Published in the December 19th edition of the Montgomery Advertiser.
Racial issues hardly confined to South
In 1641 Massachusetts was the first American colony to legally endorse slavery through its Body of Liberties. 150 years later in the census of 1790 it was the first state to register no slaves. Jim Crow and Black Codes are routinely attributed to Southern culture. Some of the earliest Southern Black Codes were established by federal Gen. Ben Butler while he occupied New Orleans during the War Between The States. These codes were patterned after some of America’s earliest, established by Massachusetts in the early 1700s. Massachusetts wasn’t doing anything that wasn’t done by all of the other colonial states of the time. Contrary to popular advocating, the elements of racial disparities do not begin and end in the South. If one is to believe that the national sentiment is exhibited through decisions of the U.S. Supreme Court, we must examine the Plessy vs. Ferguson 7- decision in 1896. The Supreme Court upheld lower court decisions that states could maintain separate black and white cars on intrastate trains and facilities. This was 30 years after the war. The 13th and 14th Amendments were in existence. The “separate but equal” mantra of segregation was thereby established and remained in effect until the 1954 Brown vs. Board of Education decision .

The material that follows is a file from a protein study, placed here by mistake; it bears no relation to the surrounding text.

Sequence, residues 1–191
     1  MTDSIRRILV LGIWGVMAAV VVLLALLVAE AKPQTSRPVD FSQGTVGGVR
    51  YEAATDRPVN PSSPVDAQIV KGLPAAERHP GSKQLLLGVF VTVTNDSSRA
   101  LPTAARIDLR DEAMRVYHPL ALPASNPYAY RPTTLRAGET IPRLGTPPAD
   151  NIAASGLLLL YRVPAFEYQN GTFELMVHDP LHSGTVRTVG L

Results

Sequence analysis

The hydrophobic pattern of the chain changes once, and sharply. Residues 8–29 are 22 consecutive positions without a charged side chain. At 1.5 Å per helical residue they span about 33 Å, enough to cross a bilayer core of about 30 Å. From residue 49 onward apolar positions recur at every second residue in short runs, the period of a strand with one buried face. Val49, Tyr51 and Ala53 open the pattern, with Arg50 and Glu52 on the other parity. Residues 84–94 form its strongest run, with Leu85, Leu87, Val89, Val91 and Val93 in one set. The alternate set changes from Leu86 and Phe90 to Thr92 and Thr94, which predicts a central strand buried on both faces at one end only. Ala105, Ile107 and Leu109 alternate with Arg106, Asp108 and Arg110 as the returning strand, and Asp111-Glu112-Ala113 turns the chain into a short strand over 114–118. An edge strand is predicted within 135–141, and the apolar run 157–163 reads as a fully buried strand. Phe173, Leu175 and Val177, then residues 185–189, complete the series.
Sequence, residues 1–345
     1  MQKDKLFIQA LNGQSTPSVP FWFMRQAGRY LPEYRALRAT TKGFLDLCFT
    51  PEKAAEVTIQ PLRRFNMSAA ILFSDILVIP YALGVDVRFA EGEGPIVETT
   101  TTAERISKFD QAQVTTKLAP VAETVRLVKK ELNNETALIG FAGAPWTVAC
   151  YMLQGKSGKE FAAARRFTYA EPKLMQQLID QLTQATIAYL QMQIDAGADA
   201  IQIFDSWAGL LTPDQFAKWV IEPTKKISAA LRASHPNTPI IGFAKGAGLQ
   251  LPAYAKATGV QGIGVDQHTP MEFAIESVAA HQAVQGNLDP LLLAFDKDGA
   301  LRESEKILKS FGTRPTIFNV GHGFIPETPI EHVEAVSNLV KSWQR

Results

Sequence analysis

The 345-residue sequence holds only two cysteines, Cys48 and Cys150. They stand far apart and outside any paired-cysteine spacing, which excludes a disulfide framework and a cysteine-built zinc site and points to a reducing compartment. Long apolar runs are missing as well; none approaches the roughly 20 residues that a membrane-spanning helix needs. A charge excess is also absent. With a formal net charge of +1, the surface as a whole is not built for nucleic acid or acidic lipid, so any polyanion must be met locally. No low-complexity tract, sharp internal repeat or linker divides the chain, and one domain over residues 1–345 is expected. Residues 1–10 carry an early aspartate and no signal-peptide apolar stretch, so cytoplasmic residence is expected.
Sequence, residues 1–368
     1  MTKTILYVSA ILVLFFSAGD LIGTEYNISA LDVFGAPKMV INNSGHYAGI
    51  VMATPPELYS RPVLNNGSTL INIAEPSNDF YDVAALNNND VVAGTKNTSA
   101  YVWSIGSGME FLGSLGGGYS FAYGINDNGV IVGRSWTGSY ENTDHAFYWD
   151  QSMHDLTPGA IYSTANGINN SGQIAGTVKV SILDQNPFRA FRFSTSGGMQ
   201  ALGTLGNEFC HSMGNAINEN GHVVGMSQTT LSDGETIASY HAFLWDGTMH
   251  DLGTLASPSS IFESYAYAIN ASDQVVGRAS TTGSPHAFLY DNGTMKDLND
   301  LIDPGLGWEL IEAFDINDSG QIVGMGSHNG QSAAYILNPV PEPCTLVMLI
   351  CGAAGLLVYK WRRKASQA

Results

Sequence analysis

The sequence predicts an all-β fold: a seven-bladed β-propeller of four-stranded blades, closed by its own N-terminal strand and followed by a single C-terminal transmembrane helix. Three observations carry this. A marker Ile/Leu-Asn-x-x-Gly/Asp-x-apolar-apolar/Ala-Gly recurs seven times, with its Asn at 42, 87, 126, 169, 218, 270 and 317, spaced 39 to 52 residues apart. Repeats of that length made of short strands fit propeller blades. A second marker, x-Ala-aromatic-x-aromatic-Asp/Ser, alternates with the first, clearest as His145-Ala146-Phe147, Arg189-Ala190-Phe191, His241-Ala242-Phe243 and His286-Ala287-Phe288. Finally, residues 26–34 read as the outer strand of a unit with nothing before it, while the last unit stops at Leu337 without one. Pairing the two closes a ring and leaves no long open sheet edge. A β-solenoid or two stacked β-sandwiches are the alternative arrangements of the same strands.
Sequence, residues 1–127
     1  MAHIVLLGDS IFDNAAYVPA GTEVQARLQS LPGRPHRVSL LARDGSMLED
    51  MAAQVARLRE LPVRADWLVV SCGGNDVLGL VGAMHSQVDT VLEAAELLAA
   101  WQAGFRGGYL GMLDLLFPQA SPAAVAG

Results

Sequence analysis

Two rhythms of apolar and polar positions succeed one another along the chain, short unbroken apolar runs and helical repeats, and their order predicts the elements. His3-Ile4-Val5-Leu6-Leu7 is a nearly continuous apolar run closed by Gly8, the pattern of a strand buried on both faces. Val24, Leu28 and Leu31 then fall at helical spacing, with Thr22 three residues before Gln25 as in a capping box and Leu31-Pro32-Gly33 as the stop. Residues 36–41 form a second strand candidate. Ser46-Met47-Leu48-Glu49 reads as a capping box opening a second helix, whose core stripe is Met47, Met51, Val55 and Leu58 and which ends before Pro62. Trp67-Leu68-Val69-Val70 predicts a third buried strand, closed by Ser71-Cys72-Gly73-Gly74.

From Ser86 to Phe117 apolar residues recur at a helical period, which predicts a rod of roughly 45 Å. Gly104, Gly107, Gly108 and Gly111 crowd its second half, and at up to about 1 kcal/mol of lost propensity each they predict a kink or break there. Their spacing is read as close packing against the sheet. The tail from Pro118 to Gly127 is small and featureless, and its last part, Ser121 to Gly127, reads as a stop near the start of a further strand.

To explore the intrinsic collective roots of prejudice, one must exit the Southern enclave of alleged iniquity and wander around in the North for 400 years. One may also discover some unaddressed prejudice against Southerners embellished with hypocrisy.Charlie Graham